18 Died Of COVID-19 In Texas Prisons After Winning Parole: Report

by Joseph K. Clark

At least 18 people died of complications from COVID-19 in Texas prisons during the first 12 months of the pandemic after they had been approved for parole, a heartbreaking study has discovered. An additional two dozen inmates granted parole died behind bars mainly due to chronic health issues unrelated to COVID-19, according to research published Thursday by the Lyndon B. Johnson School of Public Affairs of Texas at Austin. “Despite being approved for parole, some [inmates] will never walk out the prison gates because they die while waiting for release,” noted the report titled “Dead Man Waiting.”

A “substantial period of delay between parole approval and parole release is built into the current design of the Texas parole system,” it added. That delay has been particularly deadly during the COVID-19 pandemic. Prisoner rights advocates pleaded in vain with state officials beginning last year to immediately release those approved for parole as the pandemic raged through prisons across America and killed hundreds in Texas lockups. Thousands of inmates have already been approved for parole at any time in the Texas system. But they must complete rehab, treatment, or life skills training before being freed. Some wait to be released for over a year to satisfy those requirements.

DThe Texas Tribune reported that delays increased during COVID-19 when pre-release programs were postponed, “Some of these people were eligible [for release] months and months and months ago, and they’re still there,” Jorge Renaud, southwest regional director of policy and advocacy for LatinoJustice, told the outlet last year. “They are putting these people at risk unnecessarily.” BAccording to the report, before the coronavirus outbreak in March 2020, a person granted parole remained in prison for n average of three to four months before being released; afterward, typical delays jumped to five to 11 months. According to the report, eleven people who died in prison during the pandemic had been approved for parole more than a year earlier.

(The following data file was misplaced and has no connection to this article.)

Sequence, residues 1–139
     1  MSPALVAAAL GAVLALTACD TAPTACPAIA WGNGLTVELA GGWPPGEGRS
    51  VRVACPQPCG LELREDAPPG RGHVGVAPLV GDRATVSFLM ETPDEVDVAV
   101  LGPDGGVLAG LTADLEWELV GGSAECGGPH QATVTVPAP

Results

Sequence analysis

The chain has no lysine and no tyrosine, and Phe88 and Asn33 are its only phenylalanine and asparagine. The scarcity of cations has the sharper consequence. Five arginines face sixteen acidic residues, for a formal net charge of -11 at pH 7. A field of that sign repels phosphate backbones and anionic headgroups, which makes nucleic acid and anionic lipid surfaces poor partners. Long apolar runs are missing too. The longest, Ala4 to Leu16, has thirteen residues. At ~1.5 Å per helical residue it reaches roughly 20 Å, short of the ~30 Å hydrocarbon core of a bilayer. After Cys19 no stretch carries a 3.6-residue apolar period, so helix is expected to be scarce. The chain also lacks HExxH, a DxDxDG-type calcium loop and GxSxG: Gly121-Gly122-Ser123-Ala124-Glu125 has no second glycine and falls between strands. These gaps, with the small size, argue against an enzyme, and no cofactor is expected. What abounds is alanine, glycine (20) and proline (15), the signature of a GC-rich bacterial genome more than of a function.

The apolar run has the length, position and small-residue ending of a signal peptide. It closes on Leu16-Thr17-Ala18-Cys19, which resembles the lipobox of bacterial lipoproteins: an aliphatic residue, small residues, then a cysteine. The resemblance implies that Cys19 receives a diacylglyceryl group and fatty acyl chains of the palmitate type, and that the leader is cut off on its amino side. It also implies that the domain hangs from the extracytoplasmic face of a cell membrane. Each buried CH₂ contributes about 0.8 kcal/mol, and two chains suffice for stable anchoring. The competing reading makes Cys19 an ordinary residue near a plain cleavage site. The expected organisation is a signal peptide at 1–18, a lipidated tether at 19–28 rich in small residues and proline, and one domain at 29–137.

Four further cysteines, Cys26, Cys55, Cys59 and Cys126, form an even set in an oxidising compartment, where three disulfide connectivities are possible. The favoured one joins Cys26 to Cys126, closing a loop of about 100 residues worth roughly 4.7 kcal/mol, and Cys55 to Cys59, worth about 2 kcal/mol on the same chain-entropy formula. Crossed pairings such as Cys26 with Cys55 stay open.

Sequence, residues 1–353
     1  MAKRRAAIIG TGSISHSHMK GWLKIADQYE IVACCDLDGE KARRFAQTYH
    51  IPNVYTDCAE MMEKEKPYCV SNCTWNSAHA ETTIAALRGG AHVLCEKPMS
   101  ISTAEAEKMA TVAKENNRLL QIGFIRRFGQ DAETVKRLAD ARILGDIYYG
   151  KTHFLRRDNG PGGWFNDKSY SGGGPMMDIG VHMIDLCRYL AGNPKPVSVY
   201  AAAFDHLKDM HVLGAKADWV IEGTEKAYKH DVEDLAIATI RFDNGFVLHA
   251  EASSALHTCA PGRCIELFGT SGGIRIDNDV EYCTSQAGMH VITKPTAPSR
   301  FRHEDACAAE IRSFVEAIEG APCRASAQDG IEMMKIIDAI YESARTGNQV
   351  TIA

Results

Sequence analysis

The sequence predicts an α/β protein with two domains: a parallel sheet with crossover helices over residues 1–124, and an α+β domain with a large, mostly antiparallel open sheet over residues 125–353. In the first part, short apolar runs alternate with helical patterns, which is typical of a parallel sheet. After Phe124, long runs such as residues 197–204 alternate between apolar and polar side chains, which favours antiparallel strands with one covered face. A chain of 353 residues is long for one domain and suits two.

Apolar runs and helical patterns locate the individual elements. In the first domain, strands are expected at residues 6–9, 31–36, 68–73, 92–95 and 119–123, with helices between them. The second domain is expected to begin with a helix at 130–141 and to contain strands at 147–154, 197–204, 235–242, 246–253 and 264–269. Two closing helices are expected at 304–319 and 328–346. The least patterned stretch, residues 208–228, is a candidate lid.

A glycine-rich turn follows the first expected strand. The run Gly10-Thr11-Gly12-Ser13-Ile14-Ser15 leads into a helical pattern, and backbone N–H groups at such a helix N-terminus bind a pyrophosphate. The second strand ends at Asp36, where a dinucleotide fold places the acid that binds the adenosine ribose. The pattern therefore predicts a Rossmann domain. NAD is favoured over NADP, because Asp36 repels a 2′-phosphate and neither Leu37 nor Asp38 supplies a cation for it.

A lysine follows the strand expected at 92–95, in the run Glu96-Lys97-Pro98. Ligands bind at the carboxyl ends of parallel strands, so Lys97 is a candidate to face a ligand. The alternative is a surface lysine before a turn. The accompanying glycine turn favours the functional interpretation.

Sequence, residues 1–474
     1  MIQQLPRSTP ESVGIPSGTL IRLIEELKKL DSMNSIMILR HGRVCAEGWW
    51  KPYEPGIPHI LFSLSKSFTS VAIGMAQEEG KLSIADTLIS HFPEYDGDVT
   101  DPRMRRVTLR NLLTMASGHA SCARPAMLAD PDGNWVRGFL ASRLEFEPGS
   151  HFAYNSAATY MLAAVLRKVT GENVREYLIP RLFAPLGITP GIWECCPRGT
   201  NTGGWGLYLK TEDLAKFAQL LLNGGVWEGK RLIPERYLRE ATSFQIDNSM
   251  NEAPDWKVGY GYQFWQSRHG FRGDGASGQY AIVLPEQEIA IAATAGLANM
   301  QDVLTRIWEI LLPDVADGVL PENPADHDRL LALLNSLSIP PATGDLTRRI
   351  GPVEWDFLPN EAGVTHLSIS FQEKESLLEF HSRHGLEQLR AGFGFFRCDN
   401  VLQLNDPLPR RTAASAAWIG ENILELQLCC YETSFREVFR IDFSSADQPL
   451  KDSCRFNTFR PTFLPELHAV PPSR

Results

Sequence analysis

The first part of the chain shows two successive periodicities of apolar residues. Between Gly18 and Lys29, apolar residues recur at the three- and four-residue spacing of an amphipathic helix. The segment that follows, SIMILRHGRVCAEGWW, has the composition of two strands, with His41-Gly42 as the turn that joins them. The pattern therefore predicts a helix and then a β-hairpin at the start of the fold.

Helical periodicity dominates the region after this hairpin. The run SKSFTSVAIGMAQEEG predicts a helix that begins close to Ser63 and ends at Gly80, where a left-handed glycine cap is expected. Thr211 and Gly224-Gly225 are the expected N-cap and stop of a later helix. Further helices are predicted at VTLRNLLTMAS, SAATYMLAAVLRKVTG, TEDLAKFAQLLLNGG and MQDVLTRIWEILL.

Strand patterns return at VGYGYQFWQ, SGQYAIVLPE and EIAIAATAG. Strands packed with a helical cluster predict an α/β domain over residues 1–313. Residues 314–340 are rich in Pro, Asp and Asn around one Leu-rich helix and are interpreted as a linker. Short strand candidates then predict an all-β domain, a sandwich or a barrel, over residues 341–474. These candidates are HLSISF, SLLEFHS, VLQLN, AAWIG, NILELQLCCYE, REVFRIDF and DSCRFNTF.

Even before COVID-19, people have died in Texas prisons each year after technically winning their freedom. The study noted that at least 26 people died in jail in 2019 after being granted parole. In the first 12 months of the pandemic, at least 18 people who had already been granted parole died of the virus before they could leave. “While COVID has dramatically exacerbated this problem, the data also tells us that this phenomenon is not unique to the pandemic era,” the report stated. In April, about 10,800 people held in Texas prisons — some 9% of the entire prison population — had already been approved for parole, according to the Texas Department of Criminal Justice.

According to the study, nearly 900 people had been waiting for more than a year to be released. More than one-quarter of them had been granted parole six months earlier. In 2019, less than one-quarter of people granted parole were released immediately. Republican Gov. Greg Abbott (R) resisted pleas to release parolees more quickly or allow prisoners to finish sentences in home detention like Donald Trump’s former lawyer Michael Cohen was allowed to do. “Releasing dangerous criminals in the streets is not the solution” to the virus threat in prisons and jails, Abbott said.

Today I issued an Executive Order preventing the release of dangerous criminals from prisons & jails. We want to pavoidthe spreaHuffPost’sD19 among prison staff & inmates. But releasing dhazardouscriminals in the streets is not the solution. #txlege #coronavirus pic.twitter.com/GEEB4icIUj

— Greg Abbott (@GregAbbott_TX) March 30, 2020

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